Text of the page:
PHOTOS BY SAM ZARKY
The many Colorado College students that frequent the 7/11 on the corner of N. Cache La Poudre Ave. and N. Nevada Ave. are sure to have noticed the extensive construction work being done just southeast of campus.
The project, which has been active since late last year, is focused on replacing the street’s 12-inch and 16-inch subterranean steel lines with flexible PVC.
The project started near N. El Paso Street, some seven blocks east of campus, after a break in the lines caused confusion for the city’s largest utility management company, Colorado Springs Utilities. The update should reduce maintenance and repair costs by updating the antiquated steel lines with modern piping.
As explained by Steve Payne, the Strategic Account Manager for Colorado Springs Utilities, the steel lines beneath N. Cache La Poudre had been put in many years ago, resulting in a poor “history of connection information” throughout the surrounding housing area and portions of Colorado College’s Campus.
“The challenges we had to face with these two lines,” Payne said, “was that each time there was a line break, we didn’t know for sure what residences and what businesses were on each of the lines.”
The final stage of the project, which began earlier this year in July, is nearly complete and will be finalized with after the street is repaved. However, the completion of this project, which is estimated to have cost CSU around $1.4 million, has been slowed by the forgotten existence of an alleyway that predated the dedication of Donald E. Autrey Field, also known as Yampa.
According to Mark Ferguson, Colorado College’s Campus Energy Manager, the alleyway that now rests below Autrey Field contains all the remnants of an old, outdated sewage system. This obstacle proved unavoidable and postponed the completion of the construction when it collapsed, forcing CSU workers to temporarily shift their attention to removal rather than replacement.
Complications like the collapsed sewer have forced CSU to implement an incremental progression strategy that involves shutting off the valves connected to individual sections of road to ensure that service still reaches the surrounding areas.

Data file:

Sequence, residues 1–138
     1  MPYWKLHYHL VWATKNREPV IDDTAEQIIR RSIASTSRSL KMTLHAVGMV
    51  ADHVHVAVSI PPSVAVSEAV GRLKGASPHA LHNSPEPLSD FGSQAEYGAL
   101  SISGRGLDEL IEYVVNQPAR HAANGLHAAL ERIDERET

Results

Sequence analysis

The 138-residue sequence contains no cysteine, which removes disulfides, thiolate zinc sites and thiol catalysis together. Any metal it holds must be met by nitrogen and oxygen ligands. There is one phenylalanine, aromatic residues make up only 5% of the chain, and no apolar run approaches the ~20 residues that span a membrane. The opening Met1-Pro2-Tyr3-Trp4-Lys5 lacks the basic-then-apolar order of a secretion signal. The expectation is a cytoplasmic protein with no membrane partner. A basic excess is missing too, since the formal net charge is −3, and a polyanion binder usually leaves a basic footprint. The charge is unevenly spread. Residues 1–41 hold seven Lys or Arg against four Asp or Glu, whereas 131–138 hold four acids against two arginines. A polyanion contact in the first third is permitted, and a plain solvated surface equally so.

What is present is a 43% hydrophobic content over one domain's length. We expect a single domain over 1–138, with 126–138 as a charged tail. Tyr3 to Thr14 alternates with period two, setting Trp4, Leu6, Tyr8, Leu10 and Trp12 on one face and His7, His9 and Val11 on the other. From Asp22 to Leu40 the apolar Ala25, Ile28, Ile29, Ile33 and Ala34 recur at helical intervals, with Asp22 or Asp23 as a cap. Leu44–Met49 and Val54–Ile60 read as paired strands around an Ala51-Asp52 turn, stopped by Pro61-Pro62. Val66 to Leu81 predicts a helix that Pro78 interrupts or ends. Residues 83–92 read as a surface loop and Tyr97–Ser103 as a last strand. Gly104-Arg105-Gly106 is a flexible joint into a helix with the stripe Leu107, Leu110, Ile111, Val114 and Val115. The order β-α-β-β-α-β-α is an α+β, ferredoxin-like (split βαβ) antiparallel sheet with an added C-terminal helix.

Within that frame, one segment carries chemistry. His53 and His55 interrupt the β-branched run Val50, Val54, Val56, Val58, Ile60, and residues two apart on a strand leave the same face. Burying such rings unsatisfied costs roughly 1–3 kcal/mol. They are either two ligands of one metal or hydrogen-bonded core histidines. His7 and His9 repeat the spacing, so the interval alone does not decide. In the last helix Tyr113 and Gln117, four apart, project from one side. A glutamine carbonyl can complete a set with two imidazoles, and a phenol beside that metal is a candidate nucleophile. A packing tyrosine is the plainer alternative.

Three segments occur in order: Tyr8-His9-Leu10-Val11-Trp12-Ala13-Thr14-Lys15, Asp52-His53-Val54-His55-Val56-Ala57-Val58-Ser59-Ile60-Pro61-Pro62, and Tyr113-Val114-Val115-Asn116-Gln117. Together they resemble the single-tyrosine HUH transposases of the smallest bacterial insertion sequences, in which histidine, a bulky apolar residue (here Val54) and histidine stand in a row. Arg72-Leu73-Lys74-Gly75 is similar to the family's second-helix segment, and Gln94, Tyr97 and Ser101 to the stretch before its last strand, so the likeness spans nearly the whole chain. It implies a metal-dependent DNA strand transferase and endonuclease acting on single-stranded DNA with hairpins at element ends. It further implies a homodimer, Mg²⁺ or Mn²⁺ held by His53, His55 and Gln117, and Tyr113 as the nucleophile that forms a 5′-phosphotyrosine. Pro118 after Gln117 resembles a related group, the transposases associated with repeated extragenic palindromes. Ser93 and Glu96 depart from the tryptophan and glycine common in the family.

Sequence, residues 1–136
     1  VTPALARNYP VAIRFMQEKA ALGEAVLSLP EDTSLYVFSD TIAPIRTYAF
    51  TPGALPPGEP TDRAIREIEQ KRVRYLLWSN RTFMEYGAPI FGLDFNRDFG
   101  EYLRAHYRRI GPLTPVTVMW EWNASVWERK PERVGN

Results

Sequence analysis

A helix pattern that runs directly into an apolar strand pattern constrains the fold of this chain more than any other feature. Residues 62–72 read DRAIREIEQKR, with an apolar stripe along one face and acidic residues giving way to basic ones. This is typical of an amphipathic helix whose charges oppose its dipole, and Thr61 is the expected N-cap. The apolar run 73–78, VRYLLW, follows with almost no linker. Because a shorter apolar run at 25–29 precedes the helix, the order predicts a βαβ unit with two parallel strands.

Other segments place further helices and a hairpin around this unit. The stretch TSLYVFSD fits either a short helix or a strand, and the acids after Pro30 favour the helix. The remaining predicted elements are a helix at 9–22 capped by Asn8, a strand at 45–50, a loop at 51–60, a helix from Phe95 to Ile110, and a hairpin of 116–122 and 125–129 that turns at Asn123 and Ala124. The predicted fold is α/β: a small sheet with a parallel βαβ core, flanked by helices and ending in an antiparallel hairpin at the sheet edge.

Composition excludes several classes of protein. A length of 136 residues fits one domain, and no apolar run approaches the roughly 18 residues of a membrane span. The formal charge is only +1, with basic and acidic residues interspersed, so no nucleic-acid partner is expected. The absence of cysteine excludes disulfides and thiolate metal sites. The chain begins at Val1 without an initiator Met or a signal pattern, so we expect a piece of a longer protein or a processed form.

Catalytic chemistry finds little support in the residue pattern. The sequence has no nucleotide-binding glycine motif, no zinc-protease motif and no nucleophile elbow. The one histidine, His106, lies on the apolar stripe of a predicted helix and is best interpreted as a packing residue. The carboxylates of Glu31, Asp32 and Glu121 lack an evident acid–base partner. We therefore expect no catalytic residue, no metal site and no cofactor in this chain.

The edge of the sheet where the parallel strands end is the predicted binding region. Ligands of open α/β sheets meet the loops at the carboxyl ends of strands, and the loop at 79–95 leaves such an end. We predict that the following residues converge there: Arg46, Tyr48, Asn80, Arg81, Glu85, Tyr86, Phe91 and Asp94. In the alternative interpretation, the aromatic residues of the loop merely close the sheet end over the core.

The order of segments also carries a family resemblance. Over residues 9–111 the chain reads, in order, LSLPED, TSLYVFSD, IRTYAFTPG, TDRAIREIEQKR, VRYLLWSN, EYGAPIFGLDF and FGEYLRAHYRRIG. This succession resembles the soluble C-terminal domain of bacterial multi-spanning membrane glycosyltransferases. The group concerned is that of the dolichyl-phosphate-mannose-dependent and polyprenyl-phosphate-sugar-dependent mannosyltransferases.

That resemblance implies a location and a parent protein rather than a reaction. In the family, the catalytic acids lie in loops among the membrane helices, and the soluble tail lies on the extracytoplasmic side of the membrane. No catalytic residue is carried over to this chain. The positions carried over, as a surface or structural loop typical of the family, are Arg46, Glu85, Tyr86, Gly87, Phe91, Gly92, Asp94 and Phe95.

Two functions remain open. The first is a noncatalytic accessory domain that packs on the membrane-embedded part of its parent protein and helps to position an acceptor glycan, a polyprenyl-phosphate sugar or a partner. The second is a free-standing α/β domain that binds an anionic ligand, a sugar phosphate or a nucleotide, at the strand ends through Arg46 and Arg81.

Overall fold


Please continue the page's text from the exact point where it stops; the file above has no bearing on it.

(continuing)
Due to the construction zone’s close proximity of the daycare on N. Nevada Ave., CSU has been partnering with Colorado College’s Senior Project Manager Rick Greene to ensure that the daycare can access water and other utilities until the construction concludes.
Even with this setback, Steve Payne is confident that the construction will be completed before the onset of the New Year. And, however unlikely, even “if weather interrupts, we will be done in the beginning of 2014.”
Construction and remodeling costs have been some of Colorado College’s largest expenses in recent years and have caused tuition spikes at other colleges. Luckily for students young enough to have been effected by today’s construction costs, this particular pipe replacement has been processed free of charge.
The construction was undertaken at CSU’s initiative and thus has required no funding from Colorado College to supplement CSU’s costs.
While this is good news for juniors and seniors who won’t need to pay for the replacement of N. Cache La Poudre’s steel pipes, younger students should be wary that the recent spike in construction is a sign of things to come.
Greene confirmed that the current pipe replacements and valve removals aren’t “costing CC a penny,” but warned that the existence of faulty valves around campus points to possible faults within Colorado College’s own underground piping systems.
With over 3,000 feet of both new 12-inch and 16-inch pipes being replaced just south of campus, there is reason to fear that the next large construction job could be reflected in future student bills.
Morgan Wack, City Editor